As stage director for Stanford Opera Workshop, I've had the opportunity to design and produce many operatic productions starring students from the Stanford Music Department. Usually collaborating with Professor Marie-Louise Catsalis, the Musical Director and Producer of Stanford Opera Workshop, and Professor in Vocal Performance Nova Jimènez, I've worked on these pieces in many different capacities, learning how to do everything from choosing the individual songs and scenes that will comprise a production, blocking scenes, teaching improv and acting technique to students, designing and constructing sets, creating and collecting prop and costume pieces, stage managing, and working with professionals from the San Francisco Opera. Most of these productions were offered as courses in the Music Department.
Inspired by Punchdrunk's Sleep No More, we will give the audience black masks and candles and set them loose to observe and interact with whatever they'd like in our a-linear, 'haunted house' Don Giovanni, set near the Stanford Mausoleum. Not only does this make the audience an important part of the work, it enables the actors to explore their characters beyond the traditional limitation of who gets to be onstage when. Everyone is onstage, all the time, making character arcs clearer and the theatrical experience fully immersive. Throughout the area will be hidden small props, lights, and objects that will either be used in future or past scenes, or add a secret clue, like letters and trinkets from Giovanni's former lovers, makeup and hair products, strings of warm-colored light, a spinning desk chair, and clothing items . In this way, the show will reference exploratory video games, in which a player can examine the parts of the world that interest them and thereby craft their own experience. This project is currently in development and will be performed in Spring 2015.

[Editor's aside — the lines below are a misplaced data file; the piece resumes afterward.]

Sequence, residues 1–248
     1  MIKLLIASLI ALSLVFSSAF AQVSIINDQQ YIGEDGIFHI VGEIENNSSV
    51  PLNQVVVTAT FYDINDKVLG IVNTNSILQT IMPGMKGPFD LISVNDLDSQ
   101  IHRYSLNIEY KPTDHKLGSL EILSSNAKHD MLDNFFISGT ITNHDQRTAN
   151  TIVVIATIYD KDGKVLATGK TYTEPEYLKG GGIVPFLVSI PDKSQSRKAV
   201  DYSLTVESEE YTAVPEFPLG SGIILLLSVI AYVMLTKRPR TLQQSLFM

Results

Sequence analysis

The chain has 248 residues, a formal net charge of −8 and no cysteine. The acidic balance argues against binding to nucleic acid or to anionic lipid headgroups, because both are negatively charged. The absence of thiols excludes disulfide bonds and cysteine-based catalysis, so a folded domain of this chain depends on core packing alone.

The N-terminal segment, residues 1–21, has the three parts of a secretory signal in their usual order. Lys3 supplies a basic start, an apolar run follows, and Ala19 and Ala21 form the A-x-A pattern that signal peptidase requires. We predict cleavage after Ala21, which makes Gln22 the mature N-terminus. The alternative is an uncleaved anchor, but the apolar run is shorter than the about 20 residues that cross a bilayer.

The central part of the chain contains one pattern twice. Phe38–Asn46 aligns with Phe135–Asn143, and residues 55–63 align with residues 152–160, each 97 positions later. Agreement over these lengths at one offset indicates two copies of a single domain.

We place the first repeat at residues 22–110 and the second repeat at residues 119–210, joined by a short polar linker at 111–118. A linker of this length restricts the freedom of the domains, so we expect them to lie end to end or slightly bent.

In this pedestrian performance of Mozart's Marriage of Figaro, we performed 16 scenes in different locations around Stanford campus, interconnected by a walking tour led by Figaro. In our modernized version of the story, Figaro and Susanna are young Stanford alums returning to campus for their wedding, the Count is a startup tycoon whose success has gone to his head, and Cherubino is a lovestruck undergrad. The production featured a 4-part mobile orchestra, a 9-person cast, and was funded by a SPARK! grant. I conceptualized the project, wrote and received the grant, co-wrote the script, cast and mentored student performers, produced, stage directed, mentored the undergraduate music director, accompanied on rehearsal piano, assisted the stage manager, co-designed and acquired props and costumes, and communicated with university administrators regarding space usage regulations. I also wrote a rhyming English translation of the libretto during the conceptualization phase, before choosing to perform the show in the original Italian. Figaro Program Master Cue Book, with maps